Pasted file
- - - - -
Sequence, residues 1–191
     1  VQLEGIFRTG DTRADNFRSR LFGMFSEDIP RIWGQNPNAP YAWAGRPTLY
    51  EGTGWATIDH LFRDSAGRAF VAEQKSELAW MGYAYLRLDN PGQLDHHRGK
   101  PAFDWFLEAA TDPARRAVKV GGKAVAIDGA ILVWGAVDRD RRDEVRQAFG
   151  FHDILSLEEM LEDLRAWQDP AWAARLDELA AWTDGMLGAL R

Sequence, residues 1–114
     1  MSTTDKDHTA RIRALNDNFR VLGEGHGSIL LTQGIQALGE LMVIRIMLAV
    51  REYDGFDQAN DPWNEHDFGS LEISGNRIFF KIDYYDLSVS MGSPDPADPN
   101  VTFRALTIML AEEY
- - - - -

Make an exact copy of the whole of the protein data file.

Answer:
Sequence, residues 1–191
     1  VQLEGIFRTG DTRADNFRSR LFGMFSEDIP RIWGQNPNAP YAWAGRPTLY
    51  EGTGWATIDH LFRDSAGRAF VAEQKSELAW MGYAYLRLDN PGQLDHHRGK
   101  PAFDWFLEAA TDPARRAVKV GGKAVAIDGA ILVWGAVDRD RRDEVRQAFG
   151  FHDILSLEEM LEDLRAWQDP AWAARLDELA AWTDGMLGAL R

Sequence, residues 1–114
     1  MSTTDKDHTA RIRALNDNFR VLGEGHGSIL LTQGIQALGE LMVIRIMLAV
    51  REYDGFDQAN DPWNEHDFGS LEISGNRIFF KIDYYDLSVS MGSPDPADPN
   101  VTFRALTIML AEEY